During COVID, everybody feels alone and nobody took the time to, to try to reach out personally. So that was just tremendously impactful. And then a third example is a non detail, but a piano tuner that we work with in Pennsylvania. They're only in your house once a year to tune your piano, and then you don't need it to be tuned for 365 more days.

Well, after tuning your piano, they sent you a handwritten note. A year later, when they go back to your home to tune your piano again, that note is often standing up on the piano. So not only is that note read, it is on display on your most prized possession in the fancy room of the house, as I call it.

And there's no other form of advertising, none, that would get that real estate, right? Like, you couldn't send them an email and they're not going to print it out and scotch tape it to the, you know, you couldn't send them a text message. My old business, you know, nothing is going to have that staying power and feel like a gift, like a handwritten note.

So, you know, all I can say is try sending real handwritten notes, you know, writing them out. And if that doesn't work, use a company like handwritten to, to make sure, you know, you know, if you can't keep up with the actual handwritten notes, use a company like handwritten to do it for you.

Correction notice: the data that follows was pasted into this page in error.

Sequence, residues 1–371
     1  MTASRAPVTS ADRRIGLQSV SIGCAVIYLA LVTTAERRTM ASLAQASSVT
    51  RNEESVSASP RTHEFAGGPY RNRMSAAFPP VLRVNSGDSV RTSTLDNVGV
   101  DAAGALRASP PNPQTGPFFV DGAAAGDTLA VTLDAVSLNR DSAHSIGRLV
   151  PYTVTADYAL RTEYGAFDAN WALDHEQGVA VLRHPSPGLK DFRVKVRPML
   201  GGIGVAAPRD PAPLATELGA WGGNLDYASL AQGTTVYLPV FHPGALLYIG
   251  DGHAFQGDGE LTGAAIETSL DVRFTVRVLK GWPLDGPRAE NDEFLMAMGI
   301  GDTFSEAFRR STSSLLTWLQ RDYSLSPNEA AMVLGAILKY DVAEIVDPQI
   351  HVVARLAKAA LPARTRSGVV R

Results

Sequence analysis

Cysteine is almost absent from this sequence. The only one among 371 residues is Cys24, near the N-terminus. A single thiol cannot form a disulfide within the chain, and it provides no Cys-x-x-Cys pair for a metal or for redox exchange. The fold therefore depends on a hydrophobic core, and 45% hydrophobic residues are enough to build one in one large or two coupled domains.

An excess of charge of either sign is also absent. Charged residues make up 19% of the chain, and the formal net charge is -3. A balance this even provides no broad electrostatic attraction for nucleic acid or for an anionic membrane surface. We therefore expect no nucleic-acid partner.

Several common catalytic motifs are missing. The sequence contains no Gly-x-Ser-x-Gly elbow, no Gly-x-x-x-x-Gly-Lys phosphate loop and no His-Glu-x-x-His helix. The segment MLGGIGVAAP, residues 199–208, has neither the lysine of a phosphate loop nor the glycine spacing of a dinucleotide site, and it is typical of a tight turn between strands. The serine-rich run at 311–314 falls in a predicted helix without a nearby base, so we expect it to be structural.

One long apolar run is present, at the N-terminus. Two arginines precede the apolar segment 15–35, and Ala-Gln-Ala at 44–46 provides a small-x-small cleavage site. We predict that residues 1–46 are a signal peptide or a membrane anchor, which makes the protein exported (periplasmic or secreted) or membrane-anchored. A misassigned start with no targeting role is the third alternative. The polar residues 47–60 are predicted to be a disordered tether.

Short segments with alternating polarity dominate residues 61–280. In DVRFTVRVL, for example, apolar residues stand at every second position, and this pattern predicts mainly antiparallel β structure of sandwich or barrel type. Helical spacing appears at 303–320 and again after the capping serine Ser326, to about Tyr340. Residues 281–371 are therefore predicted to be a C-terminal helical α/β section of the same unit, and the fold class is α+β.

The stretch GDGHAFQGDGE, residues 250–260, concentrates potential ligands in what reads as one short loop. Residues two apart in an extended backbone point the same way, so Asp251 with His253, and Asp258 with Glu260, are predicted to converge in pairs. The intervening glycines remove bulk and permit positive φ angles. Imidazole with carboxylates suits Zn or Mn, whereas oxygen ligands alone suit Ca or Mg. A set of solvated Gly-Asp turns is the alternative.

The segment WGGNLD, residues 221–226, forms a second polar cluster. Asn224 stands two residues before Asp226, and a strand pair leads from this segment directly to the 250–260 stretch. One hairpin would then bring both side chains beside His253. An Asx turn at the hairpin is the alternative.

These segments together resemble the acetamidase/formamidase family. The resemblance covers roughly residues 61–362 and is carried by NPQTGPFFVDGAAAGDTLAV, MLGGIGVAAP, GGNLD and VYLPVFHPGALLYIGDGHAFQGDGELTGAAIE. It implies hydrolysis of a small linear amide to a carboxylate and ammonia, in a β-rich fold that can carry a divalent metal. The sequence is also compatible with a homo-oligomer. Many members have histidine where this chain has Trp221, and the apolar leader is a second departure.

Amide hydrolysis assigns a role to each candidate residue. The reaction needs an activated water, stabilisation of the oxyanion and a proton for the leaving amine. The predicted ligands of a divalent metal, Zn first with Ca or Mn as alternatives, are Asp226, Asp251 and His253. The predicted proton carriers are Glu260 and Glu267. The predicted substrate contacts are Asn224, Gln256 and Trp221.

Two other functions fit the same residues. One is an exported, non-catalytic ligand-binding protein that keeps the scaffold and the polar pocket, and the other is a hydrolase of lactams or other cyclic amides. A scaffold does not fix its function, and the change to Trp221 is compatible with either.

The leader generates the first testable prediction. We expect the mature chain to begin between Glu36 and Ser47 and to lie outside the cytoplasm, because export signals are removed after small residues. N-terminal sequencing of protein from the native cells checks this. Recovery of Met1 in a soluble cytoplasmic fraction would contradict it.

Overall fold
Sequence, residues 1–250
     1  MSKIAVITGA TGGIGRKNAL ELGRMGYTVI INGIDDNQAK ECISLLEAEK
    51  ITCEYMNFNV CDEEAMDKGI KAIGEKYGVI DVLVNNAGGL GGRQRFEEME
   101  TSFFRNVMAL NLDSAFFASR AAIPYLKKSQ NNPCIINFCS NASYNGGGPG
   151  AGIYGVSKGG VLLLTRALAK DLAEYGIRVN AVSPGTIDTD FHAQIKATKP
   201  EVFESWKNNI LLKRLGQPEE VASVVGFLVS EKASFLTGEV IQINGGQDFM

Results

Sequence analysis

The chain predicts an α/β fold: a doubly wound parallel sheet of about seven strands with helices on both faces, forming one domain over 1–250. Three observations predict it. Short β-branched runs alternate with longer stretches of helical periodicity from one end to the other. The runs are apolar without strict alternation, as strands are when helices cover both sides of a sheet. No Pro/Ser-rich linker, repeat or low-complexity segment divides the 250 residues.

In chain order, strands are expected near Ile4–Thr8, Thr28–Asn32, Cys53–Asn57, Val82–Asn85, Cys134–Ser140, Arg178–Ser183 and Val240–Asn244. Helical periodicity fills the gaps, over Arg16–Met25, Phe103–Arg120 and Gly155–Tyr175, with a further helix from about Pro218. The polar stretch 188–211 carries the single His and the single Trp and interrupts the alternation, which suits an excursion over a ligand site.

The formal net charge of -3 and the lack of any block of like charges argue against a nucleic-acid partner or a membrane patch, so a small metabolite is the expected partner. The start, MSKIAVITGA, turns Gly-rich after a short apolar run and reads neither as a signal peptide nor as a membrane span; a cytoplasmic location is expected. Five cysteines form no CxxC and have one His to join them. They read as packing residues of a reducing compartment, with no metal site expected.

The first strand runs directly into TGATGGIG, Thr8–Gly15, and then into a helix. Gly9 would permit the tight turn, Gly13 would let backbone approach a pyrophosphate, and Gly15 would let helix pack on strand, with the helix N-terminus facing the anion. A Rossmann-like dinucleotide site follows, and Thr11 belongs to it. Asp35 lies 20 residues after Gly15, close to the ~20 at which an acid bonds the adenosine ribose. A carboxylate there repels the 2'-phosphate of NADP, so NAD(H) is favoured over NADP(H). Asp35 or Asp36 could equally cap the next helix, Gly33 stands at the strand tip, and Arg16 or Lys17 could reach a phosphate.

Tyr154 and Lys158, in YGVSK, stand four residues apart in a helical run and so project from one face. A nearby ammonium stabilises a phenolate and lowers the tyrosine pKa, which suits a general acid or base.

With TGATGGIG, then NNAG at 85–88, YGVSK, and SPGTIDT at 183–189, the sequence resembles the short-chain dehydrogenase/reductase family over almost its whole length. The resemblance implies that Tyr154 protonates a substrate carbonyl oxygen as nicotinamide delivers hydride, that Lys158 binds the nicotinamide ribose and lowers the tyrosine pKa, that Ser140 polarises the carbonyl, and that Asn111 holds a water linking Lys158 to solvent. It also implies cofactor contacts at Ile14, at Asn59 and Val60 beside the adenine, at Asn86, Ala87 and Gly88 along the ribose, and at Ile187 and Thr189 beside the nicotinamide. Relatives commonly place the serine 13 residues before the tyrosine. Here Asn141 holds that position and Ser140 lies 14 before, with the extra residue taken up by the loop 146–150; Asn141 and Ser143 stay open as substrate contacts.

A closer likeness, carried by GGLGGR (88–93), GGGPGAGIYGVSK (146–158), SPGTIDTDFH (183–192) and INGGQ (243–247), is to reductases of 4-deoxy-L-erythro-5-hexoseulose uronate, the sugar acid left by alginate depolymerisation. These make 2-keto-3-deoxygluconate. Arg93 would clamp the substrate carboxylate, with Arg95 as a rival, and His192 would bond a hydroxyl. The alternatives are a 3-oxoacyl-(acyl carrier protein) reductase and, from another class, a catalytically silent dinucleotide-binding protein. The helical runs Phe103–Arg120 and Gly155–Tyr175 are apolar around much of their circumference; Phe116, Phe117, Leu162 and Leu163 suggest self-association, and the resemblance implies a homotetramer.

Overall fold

The Timeless Appeal of Handwritten Notes: Examining the Nostalgia and Impact in the Digital Age and Beyond

Alex Bond: And I think you touched it on something very valuable, David. And that is, I think that romanticism of it a little bit is we've gotten to this point in the digital age where everything is so digital that there's something not even really novel or trivial as much as nostalgic and inspiring about holding that handwritten note.

Do you think that's only that feeling and the power that that has now is only because it's happening now? I mean, would a company like this even be able to be as successful 15 years ago when we weren't so far into the digital age? 

David Wachs: I think it's certainly helping that we are now in such a world where there is, you know, we're neglecting four of our five senses now, you know the only sense we're using a site, but the idea to tactile, you know, to feel that handwritten note .

And this is going to sound cheesy, but the unboxing experience, you know, you go to your mailbox and there's a note there from brand X and it takes a second to open up and pull that note out. Well, you've created a positive moment or two in the mind of the customer. That's really valuable.